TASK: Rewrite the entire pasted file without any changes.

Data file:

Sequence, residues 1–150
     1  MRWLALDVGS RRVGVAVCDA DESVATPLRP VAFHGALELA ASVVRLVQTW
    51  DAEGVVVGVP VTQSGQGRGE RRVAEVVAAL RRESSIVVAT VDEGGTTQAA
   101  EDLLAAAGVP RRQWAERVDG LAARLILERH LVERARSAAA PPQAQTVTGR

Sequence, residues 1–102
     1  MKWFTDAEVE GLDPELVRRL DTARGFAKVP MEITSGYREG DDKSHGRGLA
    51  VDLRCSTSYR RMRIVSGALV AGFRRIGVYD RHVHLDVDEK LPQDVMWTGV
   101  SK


Sequence, residues 1–150
     1  MRWLALDVGS RRVGVAVCDA DESVATPLRP VAFHGALELA ASVVRLVQTW
    51  DAEGVVVGVP VTQSGQGRGE RRVAEVVAAL RRESSIVVAT VDEGGTTQAA
   101  EDLLAAAGVP RRQWAERVDG LAARLILERH LVERARSAAA PPQAQTVTGR

Sequence, residues 1–102
     1  MKWFTDAEVE GLDPELVRRL DTARGFAKVP MEITSGYREG DDKSHGRGLA
    51  VDLRCSTSYR RMRIVSGALV AGFRRIGVYD RHVHLDVDEK LPQDVMWTGV
   101  SK